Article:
Proteas’ pace halo slipping

Dale Steyn (AFP)
Dale Steyn (AFP)

Cape Town – Make no mistake, if South Africa are to win the decisive second Test against Bangladesh in Dhaka from Thursday, their batsmen will need to smarten their acts significantly as well.

But with weather looking likely to interfere once more – hardly surprising considering the dubious monsoon-season scheduling of the mini-series – there is going to have to be a particularly urgent, focussed effort by their bowling attack to ensure they perform the key 20-wickets job in whatever time proves available.

The Bangladeshis will be fairly chuffed to have not only comfortably outscored the Proteas in the first innings of the rain-wrecked Chittagong encounter, but also (and unusually) outlasted them for durability at the crease by 116 overs to 83 in doing so.

Just by registering a decent 326 runs in that lone knock, the various stroke-players in the underdogs’ ranks will have taken heart regarding their prospects of, at the very least, not losing a series against these much-vaunted foes for the first time.

It will surprise me if South Africa make any changes, despite their imperfections in the first Test, to the line-up for Dhaka.

There were always going to be some cobwebs and associated perils after so many of their players had played little or no multi-day cricket since the New Year Test against West Indies at Newlands, and not having at least a two-day warm-up match before Chittagong was an ill-advised occurrence even if some troops had played in either or both of the preceding limited-overs series in Bangladesh.

Coach Russell Domingo and the rest of the touring strategists are to be commended at Chittagong not only for retaining faith in rookie middle-order batsman Temba Bavuma for a third Test cap – he earned a maiden, gutsy half-century under tricky circumstances – but also sticking to the plan initiated several months ago to try to remodel Stiaan van Zyl into a credible opening batsman and help plug the considerable holes left in pretty quick succession by Graeme Smith and Alviro Petersen.

In short, so far so good on that front.

Novice Dane Vilas for a labouring Quinton de Kock in the wicketkeeping berth? Perhaps there’s an outside chance, given De Kock’s current batting misery, but the incumbent is looking sprightly enough behind the stumps which should aid his retention cause.

The four-strong specialist bowling arsenal should be kept en masse as well; bear in mind that designated main spinner Simon Harmer has also only played two Test matches thus far but begun his career at this level decently with 10 scalps from three bowling innings at an average of 25.

His stock off-spinner is very much the dominant string to his bow, but he varies his pace intelligently and can certainly “fizz” the ball out of burgeoning rough.

Yet even with conditions clearly not nirvana-like for them – a common phenomenon on the Subcontinent, and the Proteas soon tackle India away over a marathon four Tests – is it too much to expect the three-pronged seam alliance to come more prominently into their own in Dhaka?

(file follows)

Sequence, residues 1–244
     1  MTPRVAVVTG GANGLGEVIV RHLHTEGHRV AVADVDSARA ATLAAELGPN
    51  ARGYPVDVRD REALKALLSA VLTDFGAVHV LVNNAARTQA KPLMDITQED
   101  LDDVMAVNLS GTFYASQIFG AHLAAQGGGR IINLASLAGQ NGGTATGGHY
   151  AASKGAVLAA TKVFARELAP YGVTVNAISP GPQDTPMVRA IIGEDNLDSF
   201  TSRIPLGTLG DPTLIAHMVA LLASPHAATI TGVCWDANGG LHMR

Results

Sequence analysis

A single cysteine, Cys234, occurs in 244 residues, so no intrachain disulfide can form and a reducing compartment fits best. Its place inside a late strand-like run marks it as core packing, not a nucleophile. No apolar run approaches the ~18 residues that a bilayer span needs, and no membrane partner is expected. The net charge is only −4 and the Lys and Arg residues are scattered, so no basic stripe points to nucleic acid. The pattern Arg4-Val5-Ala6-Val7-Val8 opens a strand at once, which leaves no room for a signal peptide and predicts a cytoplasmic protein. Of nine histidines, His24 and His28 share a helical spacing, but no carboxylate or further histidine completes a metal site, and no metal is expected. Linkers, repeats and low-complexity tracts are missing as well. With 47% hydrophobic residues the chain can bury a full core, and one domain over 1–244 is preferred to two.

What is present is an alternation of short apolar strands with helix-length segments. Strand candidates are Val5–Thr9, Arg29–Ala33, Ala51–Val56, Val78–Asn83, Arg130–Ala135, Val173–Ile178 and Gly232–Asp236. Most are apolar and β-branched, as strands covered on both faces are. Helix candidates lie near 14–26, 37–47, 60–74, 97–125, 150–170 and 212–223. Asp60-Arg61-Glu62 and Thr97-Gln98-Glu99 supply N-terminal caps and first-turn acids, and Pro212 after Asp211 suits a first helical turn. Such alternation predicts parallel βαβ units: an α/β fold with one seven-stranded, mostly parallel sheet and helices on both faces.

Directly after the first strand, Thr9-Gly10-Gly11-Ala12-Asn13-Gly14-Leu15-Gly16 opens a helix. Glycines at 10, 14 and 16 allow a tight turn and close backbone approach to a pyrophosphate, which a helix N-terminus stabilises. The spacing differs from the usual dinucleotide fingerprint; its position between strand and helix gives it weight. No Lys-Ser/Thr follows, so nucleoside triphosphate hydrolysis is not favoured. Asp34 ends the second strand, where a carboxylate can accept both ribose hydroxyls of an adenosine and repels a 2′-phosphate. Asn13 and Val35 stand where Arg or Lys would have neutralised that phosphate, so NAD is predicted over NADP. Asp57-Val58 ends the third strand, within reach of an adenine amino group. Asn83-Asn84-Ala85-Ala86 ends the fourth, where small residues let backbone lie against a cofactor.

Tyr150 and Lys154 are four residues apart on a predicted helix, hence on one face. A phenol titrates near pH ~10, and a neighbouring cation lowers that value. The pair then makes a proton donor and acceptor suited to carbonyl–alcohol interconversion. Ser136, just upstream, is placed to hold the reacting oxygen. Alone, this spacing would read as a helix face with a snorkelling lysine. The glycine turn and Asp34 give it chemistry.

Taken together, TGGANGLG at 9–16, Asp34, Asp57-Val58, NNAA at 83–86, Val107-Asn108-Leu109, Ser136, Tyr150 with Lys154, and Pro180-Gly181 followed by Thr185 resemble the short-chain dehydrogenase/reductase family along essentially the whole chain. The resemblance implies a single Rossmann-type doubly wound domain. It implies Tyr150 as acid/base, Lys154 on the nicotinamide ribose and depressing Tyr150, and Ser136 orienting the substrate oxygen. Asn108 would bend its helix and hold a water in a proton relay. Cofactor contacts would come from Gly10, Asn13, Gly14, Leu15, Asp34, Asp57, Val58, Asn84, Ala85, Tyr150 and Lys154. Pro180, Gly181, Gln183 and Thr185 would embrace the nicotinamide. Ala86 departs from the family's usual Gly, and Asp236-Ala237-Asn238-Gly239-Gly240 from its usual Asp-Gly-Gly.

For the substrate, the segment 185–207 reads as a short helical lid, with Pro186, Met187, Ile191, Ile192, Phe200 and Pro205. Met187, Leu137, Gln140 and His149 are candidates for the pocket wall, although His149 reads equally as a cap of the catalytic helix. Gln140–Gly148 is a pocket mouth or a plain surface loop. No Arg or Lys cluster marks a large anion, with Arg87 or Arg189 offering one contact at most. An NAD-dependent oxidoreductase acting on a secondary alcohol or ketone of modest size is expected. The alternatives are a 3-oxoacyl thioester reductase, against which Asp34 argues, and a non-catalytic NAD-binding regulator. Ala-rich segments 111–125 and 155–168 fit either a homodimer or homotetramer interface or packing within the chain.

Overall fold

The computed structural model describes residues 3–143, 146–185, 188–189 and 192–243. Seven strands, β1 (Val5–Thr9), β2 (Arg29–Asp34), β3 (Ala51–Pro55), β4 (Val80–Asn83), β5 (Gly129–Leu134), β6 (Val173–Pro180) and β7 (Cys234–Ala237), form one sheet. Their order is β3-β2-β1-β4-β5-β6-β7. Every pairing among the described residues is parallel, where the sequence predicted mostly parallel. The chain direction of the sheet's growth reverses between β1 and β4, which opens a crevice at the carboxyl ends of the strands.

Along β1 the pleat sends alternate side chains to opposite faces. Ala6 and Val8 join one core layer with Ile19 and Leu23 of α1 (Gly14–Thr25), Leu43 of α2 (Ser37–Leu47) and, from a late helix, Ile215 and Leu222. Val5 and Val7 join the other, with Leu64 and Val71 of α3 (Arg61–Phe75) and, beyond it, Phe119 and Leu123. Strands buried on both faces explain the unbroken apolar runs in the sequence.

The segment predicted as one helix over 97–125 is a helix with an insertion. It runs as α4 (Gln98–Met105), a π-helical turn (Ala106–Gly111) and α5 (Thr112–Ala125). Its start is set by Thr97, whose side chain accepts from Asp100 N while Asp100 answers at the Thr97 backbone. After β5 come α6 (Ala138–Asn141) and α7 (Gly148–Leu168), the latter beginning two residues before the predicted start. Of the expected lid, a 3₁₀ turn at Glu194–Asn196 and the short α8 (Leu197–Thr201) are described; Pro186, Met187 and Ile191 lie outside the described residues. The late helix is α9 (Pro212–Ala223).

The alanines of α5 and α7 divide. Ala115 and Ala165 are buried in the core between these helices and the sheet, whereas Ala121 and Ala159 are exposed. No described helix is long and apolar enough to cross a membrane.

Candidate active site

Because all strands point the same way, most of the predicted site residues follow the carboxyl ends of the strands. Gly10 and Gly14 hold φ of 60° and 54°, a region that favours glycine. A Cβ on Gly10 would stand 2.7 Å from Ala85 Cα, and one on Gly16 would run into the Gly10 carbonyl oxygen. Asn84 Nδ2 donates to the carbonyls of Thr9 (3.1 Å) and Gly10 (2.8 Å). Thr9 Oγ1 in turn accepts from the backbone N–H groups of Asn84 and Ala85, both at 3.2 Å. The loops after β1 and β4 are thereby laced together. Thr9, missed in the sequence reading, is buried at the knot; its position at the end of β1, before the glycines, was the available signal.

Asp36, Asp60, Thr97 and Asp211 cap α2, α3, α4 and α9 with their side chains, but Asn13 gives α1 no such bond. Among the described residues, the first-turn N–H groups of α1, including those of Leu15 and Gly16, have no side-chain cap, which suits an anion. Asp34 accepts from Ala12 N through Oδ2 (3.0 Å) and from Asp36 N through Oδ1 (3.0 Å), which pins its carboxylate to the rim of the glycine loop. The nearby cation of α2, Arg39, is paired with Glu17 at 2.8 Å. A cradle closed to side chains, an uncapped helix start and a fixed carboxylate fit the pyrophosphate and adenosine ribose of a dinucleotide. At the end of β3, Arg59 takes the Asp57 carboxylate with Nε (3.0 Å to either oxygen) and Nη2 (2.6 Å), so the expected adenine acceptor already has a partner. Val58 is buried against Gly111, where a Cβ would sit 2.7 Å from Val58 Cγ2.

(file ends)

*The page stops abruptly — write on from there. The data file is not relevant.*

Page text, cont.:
On that front, there remains at present a too-lopsided reliance on Dale Steyn (who needs one strike in the second Test to go to 400 wickets) for the major breakthroughs.

If South Africa are to cling to their increasingly tenuous mantle – some might protest the Australians have already stolen it back anyway – for “best pace attack in the world”, then Vernon Philander and Morne Morkel need to come back to the party in some haste.

It is not as though the pair are bowling badly: for instance, at times when Bangladesh were threatening to open up a bit in their reply to the Proteas’ disappointingly insufficient 248 in Chittagong, neither wavered to any alarming degree in discipline terms.

Philander was especially parsimonious as he returned 2/40 in 20 overs – that is excellent economy – but at the same time activity in the wickets column is increasingly drying up for him.

For proof of that you only have to, a little cruelly, weigh up his first seven Test matches with his most recent seven.

He picked up a dream-like 51 scalps in those sublime, early-career days, whereas his last seven games have seen him manage only 11 – pretty heavy going.

From nine five-wicket hauls in the first 15 of his 30 Tests thus far, he has failed to add a single one in the next 15.

Of course varying conditions do play a role, and we know he is at his vintage best when there is a vital bit of nip on offer: that was overwhelmingly the case in that productive first phase highlighted, which included two Tests at Newlands and one each at Centurion, Johannesburg, Dunedin, Hamilton and Wellington.

Since then his decline in dismissals has coincided, generally speaking, with deployment on tracks offering notably little in the way of “sideways”.

The lanky Morkel, who looks such a mature character now at one-day level, could perhaps also do with some fresh, morale-boosting activity in five-for terms in Tests: his last analysis of that kind came against the Aussies at Adelaide Oval (ironically not especially pace-friendly by tradition) in November 2012.

Maybe the answer is to more consciously let him operate in short, intense bursts of no more than four or five overs, and bowl as aggressively as he possibly can despite the challenges of a benign pitch.

Philander and Morkel, each 30 years old, are experienced enough by now to know how to pick up wickets in any conditions.

Some evidence from Thursday could come in mightily handy.

*Follow our chief writer on Twitter: @RobHouwing

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